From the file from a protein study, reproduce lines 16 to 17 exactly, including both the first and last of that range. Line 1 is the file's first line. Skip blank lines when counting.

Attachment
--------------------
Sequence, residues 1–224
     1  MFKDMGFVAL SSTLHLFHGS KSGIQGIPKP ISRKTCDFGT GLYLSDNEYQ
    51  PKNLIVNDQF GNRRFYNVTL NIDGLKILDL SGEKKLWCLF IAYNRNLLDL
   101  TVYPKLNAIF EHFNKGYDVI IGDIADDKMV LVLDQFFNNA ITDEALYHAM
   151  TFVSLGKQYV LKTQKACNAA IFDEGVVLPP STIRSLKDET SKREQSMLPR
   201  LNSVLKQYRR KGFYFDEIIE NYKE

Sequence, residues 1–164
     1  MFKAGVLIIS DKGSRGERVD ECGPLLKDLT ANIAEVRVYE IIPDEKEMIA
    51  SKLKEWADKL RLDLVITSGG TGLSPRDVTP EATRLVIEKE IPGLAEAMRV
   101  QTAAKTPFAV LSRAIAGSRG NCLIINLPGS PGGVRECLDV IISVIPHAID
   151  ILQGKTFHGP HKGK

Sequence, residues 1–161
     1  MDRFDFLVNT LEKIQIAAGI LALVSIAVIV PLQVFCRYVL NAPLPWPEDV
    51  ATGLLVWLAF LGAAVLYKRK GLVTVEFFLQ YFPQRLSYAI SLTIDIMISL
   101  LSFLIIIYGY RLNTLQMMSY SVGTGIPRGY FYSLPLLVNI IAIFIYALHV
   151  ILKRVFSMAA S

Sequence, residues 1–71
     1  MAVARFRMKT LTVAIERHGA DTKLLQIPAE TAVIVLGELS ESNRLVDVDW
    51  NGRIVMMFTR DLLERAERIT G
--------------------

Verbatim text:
   151  ILKRVFSMAA S

Sequence, residues 1–71